6. Christ’s atoning death (Christ died for my sins.)
  7. Christ’s bodily resurrection (Christ rose from the dead.)
  8. The necessity of faith (I must believe.)

So for people to call themselves Christians, they must at least implicitly believe these eight things. There are certainly more truths about God that must exist in order for these eight beliefs to be possible. For example, if Christians have put saving faith in Jesus but haven’t heard of the Virgin Birth, they aren’t disqualified from salvation. But if they are truly saved, they won’t be able to deny the Virgin Birth (essential because it points to Christ’s deity).

But what about the Bible? Is it necessary to believe the Bible is the inerrant and inspired Word of God in order to be saved? Believing in the Bible isn’t what saves you, but the gospel can only be fully known if the Bible actually is the inerrant and inspired Word of God. 

Faith isn’t a set of propositional statements. Faith is trust in a person—Jesus. That trust is based on truth and evidence. You have to know some things about him in order to follow him and trust him. Think about it this way. If you love someone, you want to believe the truth about them. Knowing and believing true things about them does not equal accepting “intellectual propositions,” even if they are presented in lists.

If you recognize the truth about yourself, you know how desperately you need God (human depravity). If you cry out for him to save you from your sin (Christ’s atoning death) and trust him for your salvation (the necessity of faith), all while knowing deep in your gut that you can’t save yourself (the necessity of grace), things get real. These are not intellectual mind games. These beautiful truths about reality usher in the salvation of our souls as our fallen hearts are reconciled to God himself! These “propositions” are exciting news to the desperate sinner. In fact, how can one rightly follow Jesus without knowing who he is and what he accomplished? How can one become a disciple without being taught to understand the gospel?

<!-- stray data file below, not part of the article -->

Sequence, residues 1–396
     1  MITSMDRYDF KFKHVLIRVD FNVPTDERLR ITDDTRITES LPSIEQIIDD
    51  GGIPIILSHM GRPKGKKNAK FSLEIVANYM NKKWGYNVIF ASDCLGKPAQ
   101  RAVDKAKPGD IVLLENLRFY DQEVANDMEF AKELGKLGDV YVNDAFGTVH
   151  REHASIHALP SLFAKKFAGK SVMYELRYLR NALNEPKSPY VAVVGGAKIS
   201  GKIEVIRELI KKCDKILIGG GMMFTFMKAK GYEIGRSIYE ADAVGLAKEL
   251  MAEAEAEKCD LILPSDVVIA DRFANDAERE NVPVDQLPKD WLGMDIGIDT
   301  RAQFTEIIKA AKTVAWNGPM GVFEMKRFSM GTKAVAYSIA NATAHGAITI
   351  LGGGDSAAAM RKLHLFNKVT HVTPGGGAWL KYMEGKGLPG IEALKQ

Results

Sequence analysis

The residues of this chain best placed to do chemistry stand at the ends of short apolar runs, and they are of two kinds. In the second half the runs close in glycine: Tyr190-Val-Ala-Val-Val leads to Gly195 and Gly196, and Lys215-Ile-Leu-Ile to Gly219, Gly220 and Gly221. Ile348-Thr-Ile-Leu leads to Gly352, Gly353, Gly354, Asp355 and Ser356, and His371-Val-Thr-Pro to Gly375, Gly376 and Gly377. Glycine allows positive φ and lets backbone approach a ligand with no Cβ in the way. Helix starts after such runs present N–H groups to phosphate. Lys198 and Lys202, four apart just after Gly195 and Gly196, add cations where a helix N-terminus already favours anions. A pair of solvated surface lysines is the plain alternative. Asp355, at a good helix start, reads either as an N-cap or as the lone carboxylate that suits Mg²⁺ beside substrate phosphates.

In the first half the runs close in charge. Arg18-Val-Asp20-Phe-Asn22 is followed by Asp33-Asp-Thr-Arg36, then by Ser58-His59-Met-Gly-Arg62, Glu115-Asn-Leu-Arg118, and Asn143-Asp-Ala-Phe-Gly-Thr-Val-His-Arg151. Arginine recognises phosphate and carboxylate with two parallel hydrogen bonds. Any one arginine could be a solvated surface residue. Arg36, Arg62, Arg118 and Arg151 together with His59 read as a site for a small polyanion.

As I took apart my metaphorical LEGO set and put the pieces back together, I discovered that those inner pieces were in the right place. But as I began to put all the blocks back in their rightful places, the finished structure was stronger and more beautiful than ever. Today my faith stands strong against the stormy waves of doubt that challenged the existence of God, the reliability of the Bible, and the truthfulness of Christianity. It looks a little different than it did before, but when I look back on my entire life, I see God’s providential hand orchestrating every situation, guiding every step.

Sure, there is a touch of sadness at the innocence I lost. When I walk now, I limp a little. When I read the Bible, I no longer read with innocent eyes not yet clouded by skepticism and doubt. But I’d rather walk with a limp on solid ground than run with strong legs on breaking ice.

Adapted from Another Gospel? A Lifelong Christian Seeks Truth in Response to Progressive Christianity by Alisa Childers. Copyright © 2020. Used by permission of Tyndale House Publishers, a Division of Tyndale House Ministries.  All rights reserved.

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Alisa Childers

Alisa Childers is a wife, a mom, an author, a blogger, a speaker, and a worship leader. She was a member of the award-winning CCM recording group ZOEgirl. She is a popular speaker at apologetics and Christian worldview conferences, including reTHINK. Alisa has been published at The Gospel Coalition, Crosswalk, The Stream, For Every Mom, Decision magazine, and The Christian Post, and her blog post "Girl, Wash Your Face? What Rachel Hollis Gets Right . . . and Wrong," received more than one million views. You can connect with Alisa online at alisachilders.com.